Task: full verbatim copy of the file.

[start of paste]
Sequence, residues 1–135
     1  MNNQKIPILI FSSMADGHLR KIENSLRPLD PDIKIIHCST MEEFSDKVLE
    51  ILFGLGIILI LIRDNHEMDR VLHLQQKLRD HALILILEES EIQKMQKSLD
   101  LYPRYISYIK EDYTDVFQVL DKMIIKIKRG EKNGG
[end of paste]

Sequence, residues 1–135
     1  MNNQKIPILI FSSMADGHLR KIENSLRPLD PDIKIIHCST MEEFSDKVLE
    51  ILFGLGIILI LIRDNHEMDR VLHLQQKLRD HALILILEES EIQKMQKSLD
   101  LYPRYISYIK EDYTDVFQVL DKMIIKIKRG EKNGG